Such naturalism was part and parcel of the Nazi quest for a “sanitary utopia” in which pioneering work in public health-an antismoking campaign, a concern with food additives, and a “war on cancer”-was joined to genocide.
To appease the Nazi’s the Anthroposophical society (before it was forbidden in Germany after Hess failed to make a peace deal with England) even went so far as to pressure its Jewish members to leave, which most of them did but not without bitter feelings.  Although Hitler, despised occultists or the belief in a ‘spiritual world’, two members of the wider Nazi leadership did cultivate some connections to the occult milieu, Rudolf Hess interested in Anthroposphy and naturopathy , plus Heinrich Himmler with an interest in Astrology and known to have read the Baghavat Gita as I will next describe in detail. But then again this would come to the same average population percentage that also later (including today) has an interest in the ‘esoteric’. Take for example President Reagan who had his schedule based on horoscopes provided by his wife and so on.

Hess, follower of homeopathy and proponent of organic food, followed a strict diet. And besides being a protector of Waldorf education, also Astrological horoscopes and magnetic therapies were regular features of his life. Hess’s predilection for such pursuits, in fact, became a tool for casting him as mentally ill in May 1941, although send by Hitler, parachuted into Britian in an attempt to end the war on the western front. A public relations disaster for Germany, it was blamed on the pernicious influence of Hess’s occult inclinations and rapidly became an excuse for a brutal crackdown on the German occult movement.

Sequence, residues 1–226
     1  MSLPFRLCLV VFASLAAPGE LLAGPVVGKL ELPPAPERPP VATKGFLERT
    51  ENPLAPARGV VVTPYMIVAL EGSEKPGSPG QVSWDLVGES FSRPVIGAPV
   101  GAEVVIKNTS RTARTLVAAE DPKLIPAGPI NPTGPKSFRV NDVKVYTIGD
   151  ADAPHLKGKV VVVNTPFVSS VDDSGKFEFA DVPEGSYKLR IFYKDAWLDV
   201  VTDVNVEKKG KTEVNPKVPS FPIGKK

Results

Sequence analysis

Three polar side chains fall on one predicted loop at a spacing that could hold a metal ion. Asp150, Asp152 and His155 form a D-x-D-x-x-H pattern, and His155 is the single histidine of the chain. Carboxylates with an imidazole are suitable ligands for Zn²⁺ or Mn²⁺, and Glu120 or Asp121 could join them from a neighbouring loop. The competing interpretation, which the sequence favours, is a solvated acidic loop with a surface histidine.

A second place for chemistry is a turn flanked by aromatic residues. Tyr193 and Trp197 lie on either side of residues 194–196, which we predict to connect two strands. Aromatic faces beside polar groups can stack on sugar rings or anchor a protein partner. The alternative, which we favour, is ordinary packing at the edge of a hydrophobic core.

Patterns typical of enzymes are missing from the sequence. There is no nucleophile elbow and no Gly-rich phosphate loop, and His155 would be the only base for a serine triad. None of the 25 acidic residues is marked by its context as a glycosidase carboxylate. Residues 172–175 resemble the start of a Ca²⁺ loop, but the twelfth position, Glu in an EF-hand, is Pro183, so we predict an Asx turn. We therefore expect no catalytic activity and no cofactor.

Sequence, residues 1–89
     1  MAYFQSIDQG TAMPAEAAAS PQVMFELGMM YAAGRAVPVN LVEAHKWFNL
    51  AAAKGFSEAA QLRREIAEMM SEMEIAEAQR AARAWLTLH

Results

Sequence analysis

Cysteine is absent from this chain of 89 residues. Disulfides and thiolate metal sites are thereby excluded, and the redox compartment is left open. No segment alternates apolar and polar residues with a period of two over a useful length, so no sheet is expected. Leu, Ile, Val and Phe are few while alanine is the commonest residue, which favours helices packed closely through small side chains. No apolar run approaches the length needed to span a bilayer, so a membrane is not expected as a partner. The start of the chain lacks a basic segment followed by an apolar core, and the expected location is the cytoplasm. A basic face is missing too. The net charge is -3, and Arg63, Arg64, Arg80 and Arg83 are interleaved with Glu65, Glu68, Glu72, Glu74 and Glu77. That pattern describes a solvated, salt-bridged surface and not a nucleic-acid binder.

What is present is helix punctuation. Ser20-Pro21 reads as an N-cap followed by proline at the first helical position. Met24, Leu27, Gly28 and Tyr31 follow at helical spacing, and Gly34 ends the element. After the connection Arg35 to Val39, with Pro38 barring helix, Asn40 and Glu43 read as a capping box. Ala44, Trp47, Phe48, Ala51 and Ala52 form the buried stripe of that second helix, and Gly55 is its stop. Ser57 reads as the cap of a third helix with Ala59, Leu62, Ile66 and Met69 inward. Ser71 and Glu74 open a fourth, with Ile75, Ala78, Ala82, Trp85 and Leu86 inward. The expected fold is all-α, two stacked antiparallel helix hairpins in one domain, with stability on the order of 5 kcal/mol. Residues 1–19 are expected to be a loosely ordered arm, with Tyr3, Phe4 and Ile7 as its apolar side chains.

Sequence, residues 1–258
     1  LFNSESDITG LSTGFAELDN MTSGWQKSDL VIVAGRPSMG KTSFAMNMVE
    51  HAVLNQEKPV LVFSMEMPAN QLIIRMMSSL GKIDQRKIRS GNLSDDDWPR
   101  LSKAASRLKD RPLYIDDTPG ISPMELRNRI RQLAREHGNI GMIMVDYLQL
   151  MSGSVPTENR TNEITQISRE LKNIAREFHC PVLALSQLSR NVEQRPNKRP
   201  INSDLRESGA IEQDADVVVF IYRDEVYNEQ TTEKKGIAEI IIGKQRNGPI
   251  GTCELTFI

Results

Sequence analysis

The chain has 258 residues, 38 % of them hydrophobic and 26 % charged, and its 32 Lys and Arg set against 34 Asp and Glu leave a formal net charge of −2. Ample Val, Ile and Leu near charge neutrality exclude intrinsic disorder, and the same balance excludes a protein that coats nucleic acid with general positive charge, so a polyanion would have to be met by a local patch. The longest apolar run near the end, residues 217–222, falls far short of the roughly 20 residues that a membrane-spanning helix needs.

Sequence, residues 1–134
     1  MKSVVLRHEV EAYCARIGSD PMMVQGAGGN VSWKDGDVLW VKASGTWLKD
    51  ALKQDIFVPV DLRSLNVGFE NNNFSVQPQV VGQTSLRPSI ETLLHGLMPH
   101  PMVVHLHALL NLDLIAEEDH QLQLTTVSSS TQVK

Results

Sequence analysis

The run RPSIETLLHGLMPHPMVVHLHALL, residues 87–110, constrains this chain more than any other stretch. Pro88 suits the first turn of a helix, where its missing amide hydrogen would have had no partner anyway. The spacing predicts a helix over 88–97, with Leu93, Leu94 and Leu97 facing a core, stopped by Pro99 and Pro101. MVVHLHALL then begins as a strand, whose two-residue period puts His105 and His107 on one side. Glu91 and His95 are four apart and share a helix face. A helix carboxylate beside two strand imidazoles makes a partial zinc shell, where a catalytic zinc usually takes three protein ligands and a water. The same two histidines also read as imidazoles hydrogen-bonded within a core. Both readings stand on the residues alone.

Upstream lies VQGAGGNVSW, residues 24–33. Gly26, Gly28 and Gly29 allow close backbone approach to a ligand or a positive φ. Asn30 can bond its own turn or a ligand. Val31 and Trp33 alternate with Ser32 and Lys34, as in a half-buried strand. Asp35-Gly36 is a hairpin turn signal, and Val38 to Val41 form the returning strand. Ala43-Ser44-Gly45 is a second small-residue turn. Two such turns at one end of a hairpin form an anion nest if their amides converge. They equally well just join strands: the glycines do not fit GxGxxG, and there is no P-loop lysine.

It was high time, Hitler had reportedly insisted, to rid Germany of such superstitious riffraff. Whatever the truth of this private account, it is a matter of public record that the regime’s chief propagandist Joseph Goebbels mounted a public campaign to save face for Germany by painting Hess as a lunatic occultist. Immediately after the failure of Hess’s flight became known. In fact like Hitler, Goebbels revealed his utter contempt for all things occult.  To him, they were nothing more than a superstitious throwback to the Middle Ages and a plague on the Nazi social body.  But like Hess, Himmler developed an interest in natural healing and was very critical of modern hospitals and university-trained physicians.